11. That's incredible and wonderful! Folks are 3D printing everything these days! Have you published the 3D printing source files?
  12. Wonderful stuff! I made an EQ platform years ago but nowhere near as beautiful or compact as yours. How did you cut the sectors? Andy
  13. Success! Now also got rotation curve and demonstrated dark matter see www.astronomy.me.uk Helped greatly by using Ted Cline's ezRA suite of software
  14. You can see the NooeLEC SAWBird H1 in action on my website www.astronomy.me.uk
  15. The interferometer progresses although no successful observations yet see www.astronomy.me.uk
  16. NB Although previous posts have commented on large field of view of radio telescopes, I have noted that I can see gaps on my Milky Way hydrogen map with my 86 x 86cm array (equivalent to roughly 86cm dish so not big) when my changes in declination are > 5 degrees. However this is question of neatness of the map - I don't need this much detail to either map spiral arms of Milky Way or to demonstrate existence of dark matter, both those observations being quite resilient to variations in equipment used (some people have even used a tin can as their aerial!) Andy
  17. You have had lot of detailed responses above. Simplistically, the options for small radio telescopes are: 1. You point the telescope in one direction at particular declination then leave the rotation of the Earth ro bring different parts of the sky into field of view of the telescope. The declination can then be varied to cover more of sky. I just point it and then use inclinometer to find out what angle I have got. I use this method on my dipole array see www.astronomy.me.uk 2. Small dishes can also sit on EQ6 mounts as long as they are light. Ideal for msh dishes (ie not solid ones) due to weight and effect of wind blowing on solid dishes. Bear in mind relatively large efeect of small weights far away from fulcrum. Also problem here is that radio telescopes left out all time and astrophotography mounts do not tend to like rain amd snow on them! 3. Purpose built rotators and directional finders, difficult to buy over the counter, so usually hand-built by amateur themselves. Andy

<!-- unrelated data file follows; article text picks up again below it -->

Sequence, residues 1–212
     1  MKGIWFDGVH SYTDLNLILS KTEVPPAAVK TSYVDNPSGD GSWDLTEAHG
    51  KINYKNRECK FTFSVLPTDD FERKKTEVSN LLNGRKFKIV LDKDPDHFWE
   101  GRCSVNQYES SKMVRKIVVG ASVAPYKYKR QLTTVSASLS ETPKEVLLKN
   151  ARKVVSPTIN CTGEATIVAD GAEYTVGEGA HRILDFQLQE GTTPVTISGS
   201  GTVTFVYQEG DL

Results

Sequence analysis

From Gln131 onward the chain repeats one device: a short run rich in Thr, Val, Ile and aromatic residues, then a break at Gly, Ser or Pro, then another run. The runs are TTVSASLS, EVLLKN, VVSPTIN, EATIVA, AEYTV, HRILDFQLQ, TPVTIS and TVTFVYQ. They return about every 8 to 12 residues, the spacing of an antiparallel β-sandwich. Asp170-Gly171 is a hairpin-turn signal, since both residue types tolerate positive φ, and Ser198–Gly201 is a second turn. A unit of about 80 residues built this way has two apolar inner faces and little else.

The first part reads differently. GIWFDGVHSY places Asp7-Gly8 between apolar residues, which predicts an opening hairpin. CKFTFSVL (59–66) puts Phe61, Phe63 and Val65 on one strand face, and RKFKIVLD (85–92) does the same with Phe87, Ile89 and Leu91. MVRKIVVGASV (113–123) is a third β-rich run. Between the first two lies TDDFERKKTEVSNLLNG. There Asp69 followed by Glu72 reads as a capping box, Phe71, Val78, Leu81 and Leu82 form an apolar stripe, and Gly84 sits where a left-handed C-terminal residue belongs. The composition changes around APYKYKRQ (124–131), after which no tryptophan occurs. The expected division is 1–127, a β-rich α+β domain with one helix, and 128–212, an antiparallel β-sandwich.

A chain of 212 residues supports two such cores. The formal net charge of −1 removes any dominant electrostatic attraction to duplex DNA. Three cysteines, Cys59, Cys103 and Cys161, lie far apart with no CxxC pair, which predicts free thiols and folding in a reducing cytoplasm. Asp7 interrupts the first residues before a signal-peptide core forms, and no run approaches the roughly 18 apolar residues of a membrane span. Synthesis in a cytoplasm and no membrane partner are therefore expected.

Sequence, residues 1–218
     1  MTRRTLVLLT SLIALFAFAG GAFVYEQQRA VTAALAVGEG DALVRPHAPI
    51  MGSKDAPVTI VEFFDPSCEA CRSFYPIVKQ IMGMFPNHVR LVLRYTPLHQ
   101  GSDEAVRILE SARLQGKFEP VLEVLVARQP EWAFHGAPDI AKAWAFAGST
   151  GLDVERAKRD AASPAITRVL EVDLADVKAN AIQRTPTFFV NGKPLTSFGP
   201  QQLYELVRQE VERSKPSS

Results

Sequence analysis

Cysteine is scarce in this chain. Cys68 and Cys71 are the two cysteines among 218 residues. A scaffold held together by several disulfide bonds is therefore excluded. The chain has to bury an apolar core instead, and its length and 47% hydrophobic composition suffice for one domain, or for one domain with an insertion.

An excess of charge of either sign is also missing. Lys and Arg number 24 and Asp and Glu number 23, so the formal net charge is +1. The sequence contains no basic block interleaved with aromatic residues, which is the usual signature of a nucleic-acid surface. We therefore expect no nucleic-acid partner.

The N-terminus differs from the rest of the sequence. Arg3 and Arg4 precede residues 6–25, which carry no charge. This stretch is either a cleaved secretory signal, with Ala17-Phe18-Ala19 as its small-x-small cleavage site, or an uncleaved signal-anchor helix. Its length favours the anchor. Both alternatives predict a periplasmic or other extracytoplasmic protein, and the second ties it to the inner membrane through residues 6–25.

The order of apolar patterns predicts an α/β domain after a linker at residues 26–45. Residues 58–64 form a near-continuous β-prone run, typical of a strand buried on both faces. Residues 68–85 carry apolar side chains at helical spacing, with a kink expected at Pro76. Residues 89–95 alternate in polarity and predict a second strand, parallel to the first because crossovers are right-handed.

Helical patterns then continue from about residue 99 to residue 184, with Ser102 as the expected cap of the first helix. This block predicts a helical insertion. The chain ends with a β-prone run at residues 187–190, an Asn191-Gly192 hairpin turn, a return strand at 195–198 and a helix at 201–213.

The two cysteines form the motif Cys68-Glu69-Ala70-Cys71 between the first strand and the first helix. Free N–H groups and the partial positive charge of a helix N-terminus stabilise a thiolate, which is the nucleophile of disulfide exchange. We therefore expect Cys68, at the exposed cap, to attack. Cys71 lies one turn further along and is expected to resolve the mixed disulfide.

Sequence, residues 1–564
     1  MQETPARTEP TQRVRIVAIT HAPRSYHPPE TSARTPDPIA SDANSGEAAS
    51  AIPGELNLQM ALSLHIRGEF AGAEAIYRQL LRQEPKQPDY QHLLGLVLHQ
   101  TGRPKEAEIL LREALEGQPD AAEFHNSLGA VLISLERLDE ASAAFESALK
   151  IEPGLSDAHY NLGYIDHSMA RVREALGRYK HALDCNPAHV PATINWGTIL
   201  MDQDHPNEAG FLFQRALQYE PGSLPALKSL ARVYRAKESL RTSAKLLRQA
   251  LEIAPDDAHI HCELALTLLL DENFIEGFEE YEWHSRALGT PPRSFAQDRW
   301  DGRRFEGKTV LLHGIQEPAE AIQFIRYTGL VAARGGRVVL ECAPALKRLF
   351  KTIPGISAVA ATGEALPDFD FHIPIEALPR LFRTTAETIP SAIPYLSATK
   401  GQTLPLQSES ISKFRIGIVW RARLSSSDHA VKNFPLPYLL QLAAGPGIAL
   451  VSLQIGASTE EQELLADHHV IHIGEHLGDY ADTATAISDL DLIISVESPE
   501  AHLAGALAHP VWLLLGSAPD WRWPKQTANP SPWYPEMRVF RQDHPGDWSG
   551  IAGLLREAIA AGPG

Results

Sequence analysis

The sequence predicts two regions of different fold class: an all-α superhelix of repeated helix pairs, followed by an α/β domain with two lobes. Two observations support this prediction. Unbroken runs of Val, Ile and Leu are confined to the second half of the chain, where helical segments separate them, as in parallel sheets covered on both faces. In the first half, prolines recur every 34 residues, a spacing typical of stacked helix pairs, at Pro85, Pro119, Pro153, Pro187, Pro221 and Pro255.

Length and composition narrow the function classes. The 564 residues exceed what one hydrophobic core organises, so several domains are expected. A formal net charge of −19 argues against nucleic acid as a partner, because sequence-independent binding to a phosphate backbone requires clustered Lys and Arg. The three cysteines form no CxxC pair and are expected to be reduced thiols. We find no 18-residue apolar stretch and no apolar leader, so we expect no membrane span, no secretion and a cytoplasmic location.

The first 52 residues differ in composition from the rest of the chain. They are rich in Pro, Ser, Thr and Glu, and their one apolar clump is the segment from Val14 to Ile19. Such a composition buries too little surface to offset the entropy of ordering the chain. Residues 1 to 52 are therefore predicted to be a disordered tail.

18. How would you use this for spectrometry? For that you need: 1. Some means collecting light from telescope. 2. Some way dispersing light unto its spectrum (slit, prism, etc.) 3. Some method of recording spectrum, usually a camera.
  19. Hi Peter, I hope you've had some success now. I've had some success - see www.astronomy.me.uk for my setup and software I use. Keep going. You will detect hydrogen at.some point! Andy
  20. I must point out my experience is limited - I only started 1420MHz radio observing recently!!!
  21. It is difficult to identify Milky Way at 1420.405Mhz without calibration.
  22. I have seen people succeed with Yagi antennae at 1420.405Mhz. In my experience these observations are very sensitive to how well tuned the aerials are to this frequency. The obvious question with your Yago is if you point it at Milky Way and then away again what happens to this strong signal you describe. Also what happens if.you replace aerial with 50 Ohm dummy load? Also what software you using and what SDR or other radio? Are.you calibrating the signal using dummy load or other metho Andy
  23. If you are using your SDR for SID data then here is a good reference website for live data for comparison. https://sidstation.loudet.org/data-en.xhtml